Aggression and Conflict Management in Nonhuman Primates: the role of Group Size, Sex, Group Membership, and Personality
Jun 06, 2005 | 13:15KLI for Evolution and Cognition Research, Altenberg, Austria
Organized by: Bonaventura MAJOLO (Paignton Zoo, Torquay, and Liverpool John Moores University)
Aggressive behavior has been the subject of intense research over the years. Evolutionary biologists and behavioral ecologists are still debating on the function of aggression, on its benefits and costs, and on the factors and contexts that may favor its occurrence. Reconciliation is thought to have evolved in primates and other social animals to limit the potentially disruptive effects that aggression may have on amicable social relationships among group members. In this talk I will focus on some factors that affect aggression and reconciliation within the group in nonhuman primates. Moreover, I will analyze a range of variables that may determine the type of participation in inter-group encounters of the various group members. Based on the findings of these studies, I will discuss some lines of further research that I would develop in the future.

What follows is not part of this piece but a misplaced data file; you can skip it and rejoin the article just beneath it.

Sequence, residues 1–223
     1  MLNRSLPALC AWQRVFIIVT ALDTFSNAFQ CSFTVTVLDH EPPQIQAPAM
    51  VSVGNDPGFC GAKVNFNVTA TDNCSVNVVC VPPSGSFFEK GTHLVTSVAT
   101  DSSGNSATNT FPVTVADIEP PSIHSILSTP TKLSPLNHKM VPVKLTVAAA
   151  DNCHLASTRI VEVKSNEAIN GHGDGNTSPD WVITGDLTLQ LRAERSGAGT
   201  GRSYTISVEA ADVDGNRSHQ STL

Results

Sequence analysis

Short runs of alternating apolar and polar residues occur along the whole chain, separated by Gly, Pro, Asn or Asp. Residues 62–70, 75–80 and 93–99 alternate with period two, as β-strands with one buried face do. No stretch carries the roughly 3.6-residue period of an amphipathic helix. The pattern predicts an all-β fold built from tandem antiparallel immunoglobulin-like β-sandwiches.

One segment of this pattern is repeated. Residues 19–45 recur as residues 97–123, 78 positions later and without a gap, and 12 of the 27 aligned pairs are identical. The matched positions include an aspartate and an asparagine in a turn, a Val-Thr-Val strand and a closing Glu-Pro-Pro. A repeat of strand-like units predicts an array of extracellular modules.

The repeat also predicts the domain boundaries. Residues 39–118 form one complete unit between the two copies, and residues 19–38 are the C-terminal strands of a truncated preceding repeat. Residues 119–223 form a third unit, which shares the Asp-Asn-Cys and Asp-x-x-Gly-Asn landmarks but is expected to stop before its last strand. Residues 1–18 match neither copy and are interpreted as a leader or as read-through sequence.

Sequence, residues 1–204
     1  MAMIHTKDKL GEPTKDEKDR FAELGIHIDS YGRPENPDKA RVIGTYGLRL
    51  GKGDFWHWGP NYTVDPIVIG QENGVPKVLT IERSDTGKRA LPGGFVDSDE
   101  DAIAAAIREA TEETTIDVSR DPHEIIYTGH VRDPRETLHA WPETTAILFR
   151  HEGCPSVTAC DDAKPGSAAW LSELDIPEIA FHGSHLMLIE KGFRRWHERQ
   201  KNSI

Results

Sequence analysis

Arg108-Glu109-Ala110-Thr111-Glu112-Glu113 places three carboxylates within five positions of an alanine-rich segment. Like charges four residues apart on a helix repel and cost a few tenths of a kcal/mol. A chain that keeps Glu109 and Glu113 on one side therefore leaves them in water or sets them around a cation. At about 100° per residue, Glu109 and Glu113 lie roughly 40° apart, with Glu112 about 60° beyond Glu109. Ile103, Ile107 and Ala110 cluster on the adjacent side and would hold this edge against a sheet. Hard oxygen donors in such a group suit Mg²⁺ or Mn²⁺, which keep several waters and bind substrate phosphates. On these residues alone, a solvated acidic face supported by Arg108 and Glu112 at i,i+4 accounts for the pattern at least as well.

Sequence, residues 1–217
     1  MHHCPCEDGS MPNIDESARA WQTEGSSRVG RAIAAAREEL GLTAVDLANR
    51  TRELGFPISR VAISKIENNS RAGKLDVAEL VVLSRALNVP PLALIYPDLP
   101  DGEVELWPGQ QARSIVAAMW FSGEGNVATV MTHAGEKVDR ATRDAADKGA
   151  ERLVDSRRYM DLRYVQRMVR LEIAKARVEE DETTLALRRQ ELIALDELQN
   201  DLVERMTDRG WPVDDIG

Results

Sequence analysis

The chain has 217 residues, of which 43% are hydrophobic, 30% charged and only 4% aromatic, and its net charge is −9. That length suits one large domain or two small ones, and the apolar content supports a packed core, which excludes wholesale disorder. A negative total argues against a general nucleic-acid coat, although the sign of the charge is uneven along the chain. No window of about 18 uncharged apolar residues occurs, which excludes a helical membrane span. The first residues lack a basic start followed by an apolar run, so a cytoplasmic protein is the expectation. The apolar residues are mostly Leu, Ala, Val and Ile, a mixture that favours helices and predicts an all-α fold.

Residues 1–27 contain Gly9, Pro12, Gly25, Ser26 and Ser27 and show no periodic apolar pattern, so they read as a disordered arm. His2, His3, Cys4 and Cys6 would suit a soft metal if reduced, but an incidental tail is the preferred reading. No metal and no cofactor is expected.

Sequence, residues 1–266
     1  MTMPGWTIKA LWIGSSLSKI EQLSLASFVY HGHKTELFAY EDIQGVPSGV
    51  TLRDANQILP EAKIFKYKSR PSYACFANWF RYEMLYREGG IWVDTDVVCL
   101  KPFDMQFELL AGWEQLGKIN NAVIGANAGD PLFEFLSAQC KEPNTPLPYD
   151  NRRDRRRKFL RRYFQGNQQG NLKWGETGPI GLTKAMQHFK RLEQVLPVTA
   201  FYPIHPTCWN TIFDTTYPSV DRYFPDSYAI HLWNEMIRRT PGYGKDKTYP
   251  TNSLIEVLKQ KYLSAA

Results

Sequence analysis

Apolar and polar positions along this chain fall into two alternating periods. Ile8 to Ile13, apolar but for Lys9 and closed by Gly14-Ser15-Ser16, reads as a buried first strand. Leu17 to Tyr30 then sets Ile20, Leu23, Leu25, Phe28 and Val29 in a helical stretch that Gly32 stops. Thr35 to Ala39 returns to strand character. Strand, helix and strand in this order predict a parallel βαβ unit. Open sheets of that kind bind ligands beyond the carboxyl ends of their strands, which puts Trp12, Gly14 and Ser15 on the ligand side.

Bonaventura Majolo graduated at the University La Sapienza of Rome with a study on the effect of the mating season on mother-infant interactions in Japanese macaques. He then moved to Stirling, Scotland, for his Master in Psychology, where he studied the response of common marmosets to various foraging tasks and to the presence of unfamiliar conspecifics.
His PhD, at Liverpool Jon Moores University, was on conflict management and inter-group interactions in wild non-provisioned Japanese macaques. Dr. Majolo has also studied baboons in South Africa and he is now a research associate at Paignton Zoo, Great Britain, where he is supervising various projects on social behavior and social learning in mammals and birds. His current research is mainly focused on the ecological and cognitive factors that affect cooperation and conflict management, and on developing models that may predict the behavior of animals in potentially competitive contexts.
- Bonaventura Majolo